My intuition is that more formal systems will be easier for AI to understand earlier in the "evolution" of SOTA AI intelligence than less-formal systems. Since law is more formal than human values (including both the way it's written and the formal significance of interpretative texts), then we might get good law-following before good value alignment.

I'm not sure what you're trying to imply with this -- does this make the AIs task easier? Harder? The generality somehow implies that the AI is safer?

Sorry. I was responding to the "all laws" point. My point was that I think that making a law-following AI that can follow (A) all enumerated laws is not much harder than one that can be made to follow (B) any given law. That is, difficulty of construction scales sub-linearly with the number of laws it needs to follow. The interpretative tools that should get to (B) should be pretty generalizable to (A).

What are the challenges and problems with programming law-breaking constraints into AGI?

First, it would be hard to do. I am a programmer / ML researcher and I have no idea how to program an AI to follow the law in some guaranteed way. I also have an intuitive sense that it would be very difficult. I think the vast majority of programmers / ML researchers would agree with me on this.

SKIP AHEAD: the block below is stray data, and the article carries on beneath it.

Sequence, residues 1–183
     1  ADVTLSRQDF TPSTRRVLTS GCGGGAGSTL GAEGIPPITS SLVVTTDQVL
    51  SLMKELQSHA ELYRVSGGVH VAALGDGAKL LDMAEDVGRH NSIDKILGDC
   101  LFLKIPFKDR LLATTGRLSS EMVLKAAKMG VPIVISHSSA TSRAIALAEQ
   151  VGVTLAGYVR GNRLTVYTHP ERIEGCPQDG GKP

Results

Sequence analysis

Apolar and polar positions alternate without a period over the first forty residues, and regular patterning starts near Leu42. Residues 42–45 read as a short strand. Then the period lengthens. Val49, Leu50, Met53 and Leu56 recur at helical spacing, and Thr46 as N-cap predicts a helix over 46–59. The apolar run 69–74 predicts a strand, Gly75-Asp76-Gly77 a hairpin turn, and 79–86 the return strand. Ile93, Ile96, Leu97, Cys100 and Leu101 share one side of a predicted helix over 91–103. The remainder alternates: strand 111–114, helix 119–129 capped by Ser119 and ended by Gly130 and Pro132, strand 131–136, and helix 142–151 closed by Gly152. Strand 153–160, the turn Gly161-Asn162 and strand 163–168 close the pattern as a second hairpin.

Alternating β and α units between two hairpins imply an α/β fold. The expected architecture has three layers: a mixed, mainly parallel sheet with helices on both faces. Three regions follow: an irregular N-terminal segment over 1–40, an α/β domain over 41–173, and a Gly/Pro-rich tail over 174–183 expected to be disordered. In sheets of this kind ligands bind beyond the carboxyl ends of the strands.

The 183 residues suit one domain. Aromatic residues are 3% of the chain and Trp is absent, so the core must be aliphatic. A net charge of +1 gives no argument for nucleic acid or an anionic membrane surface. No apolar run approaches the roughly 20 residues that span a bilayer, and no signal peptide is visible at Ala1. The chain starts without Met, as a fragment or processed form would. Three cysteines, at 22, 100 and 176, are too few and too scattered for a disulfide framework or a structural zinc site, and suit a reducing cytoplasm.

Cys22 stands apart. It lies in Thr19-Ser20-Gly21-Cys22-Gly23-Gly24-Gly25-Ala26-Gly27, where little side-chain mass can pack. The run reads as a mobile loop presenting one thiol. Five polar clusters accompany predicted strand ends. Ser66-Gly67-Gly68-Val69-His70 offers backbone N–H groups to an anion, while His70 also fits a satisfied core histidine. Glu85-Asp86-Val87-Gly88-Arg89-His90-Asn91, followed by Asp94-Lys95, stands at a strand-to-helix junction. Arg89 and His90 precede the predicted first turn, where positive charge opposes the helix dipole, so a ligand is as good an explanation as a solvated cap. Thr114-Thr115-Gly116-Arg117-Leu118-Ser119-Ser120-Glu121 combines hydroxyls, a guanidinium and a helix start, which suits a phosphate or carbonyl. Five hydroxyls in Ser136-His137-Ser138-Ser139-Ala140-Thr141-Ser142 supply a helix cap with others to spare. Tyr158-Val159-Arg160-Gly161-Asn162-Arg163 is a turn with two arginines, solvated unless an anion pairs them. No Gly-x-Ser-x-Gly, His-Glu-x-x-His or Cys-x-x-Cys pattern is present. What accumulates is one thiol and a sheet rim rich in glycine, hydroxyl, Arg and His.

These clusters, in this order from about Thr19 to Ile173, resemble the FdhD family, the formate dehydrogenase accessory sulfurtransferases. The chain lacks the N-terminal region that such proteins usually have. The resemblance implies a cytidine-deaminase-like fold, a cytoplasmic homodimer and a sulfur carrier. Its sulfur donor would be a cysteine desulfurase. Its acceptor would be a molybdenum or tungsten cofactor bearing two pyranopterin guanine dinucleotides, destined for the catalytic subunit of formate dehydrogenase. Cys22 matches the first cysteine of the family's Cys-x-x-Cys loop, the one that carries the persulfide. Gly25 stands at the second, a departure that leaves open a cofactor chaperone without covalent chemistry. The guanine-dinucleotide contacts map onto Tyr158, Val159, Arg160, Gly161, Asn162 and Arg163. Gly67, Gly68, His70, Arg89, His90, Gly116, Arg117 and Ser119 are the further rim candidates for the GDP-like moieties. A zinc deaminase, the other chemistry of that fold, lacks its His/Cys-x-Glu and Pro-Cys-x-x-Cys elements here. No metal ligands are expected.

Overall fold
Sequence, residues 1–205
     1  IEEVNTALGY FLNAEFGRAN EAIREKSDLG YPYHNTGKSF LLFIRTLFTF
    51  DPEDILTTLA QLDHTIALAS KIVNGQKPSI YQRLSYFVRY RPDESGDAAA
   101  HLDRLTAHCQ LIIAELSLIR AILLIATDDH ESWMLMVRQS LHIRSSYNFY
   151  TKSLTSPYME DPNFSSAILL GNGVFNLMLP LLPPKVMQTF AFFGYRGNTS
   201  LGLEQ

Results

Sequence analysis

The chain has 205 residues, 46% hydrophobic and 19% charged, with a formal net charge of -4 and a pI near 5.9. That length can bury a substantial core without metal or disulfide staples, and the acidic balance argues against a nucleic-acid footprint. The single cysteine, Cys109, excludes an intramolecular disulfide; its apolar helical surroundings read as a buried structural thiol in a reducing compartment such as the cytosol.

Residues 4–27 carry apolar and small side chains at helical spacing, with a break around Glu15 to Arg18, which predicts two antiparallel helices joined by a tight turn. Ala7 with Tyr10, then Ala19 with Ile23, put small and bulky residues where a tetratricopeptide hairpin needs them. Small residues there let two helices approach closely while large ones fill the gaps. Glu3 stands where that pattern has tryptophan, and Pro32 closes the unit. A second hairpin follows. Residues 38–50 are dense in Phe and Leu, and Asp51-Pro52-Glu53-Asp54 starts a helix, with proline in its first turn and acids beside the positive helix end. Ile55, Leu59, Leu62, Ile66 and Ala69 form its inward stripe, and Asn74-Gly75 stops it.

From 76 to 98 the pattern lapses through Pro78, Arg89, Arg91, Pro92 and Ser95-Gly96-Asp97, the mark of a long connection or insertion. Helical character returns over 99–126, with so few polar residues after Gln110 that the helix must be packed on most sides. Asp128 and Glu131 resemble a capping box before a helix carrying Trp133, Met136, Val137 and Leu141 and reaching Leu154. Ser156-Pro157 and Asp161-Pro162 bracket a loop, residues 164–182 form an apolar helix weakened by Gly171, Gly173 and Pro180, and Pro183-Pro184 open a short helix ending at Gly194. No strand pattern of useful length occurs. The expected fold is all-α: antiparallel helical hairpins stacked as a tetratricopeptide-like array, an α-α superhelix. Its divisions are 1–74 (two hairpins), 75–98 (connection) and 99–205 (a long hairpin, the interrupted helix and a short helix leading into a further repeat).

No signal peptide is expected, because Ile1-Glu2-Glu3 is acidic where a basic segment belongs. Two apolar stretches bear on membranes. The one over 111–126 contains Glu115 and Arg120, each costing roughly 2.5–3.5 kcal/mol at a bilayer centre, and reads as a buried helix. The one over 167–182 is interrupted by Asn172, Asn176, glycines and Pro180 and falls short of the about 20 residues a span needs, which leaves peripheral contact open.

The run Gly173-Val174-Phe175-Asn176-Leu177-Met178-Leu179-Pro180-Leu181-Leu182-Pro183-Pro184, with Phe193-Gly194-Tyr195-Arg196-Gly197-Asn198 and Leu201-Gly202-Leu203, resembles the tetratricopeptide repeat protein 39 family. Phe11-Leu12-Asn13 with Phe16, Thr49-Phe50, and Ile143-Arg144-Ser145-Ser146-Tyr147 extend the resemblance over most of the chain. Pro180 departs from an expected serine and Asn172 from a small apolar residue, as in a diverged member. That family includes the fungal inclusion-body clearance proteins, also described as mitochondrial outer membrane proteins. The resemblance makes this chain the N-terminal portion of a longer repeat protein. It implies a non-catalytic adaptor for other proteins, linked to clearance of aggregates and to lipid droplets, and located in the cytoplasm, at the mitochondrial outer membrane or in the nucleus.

This is valuable information. However, some ML people I have talked about this with have given positive feedback, so I think you might be overestimating the difficulty.

Second, it doesn't provide much value, because you can get most of the benefits via enforcement, which has the virtue of being the solution we currently use.

Part of the reason that enforcement works, though, is that human agents have an independent incentive not to break the law (or, e.g., report legal violations) since they are legally accountable for their actions.

But AI-enabled police would be able to probe actions, infer motives, and detect bad behavior better than humans could. In addition, AI systems could have fewer rights than humans, and could be designed to be more transparent than humans, making the police's job easier.

This seems to require the same type of fundamental ML research that I am proposing: mapping AI actions onto laws.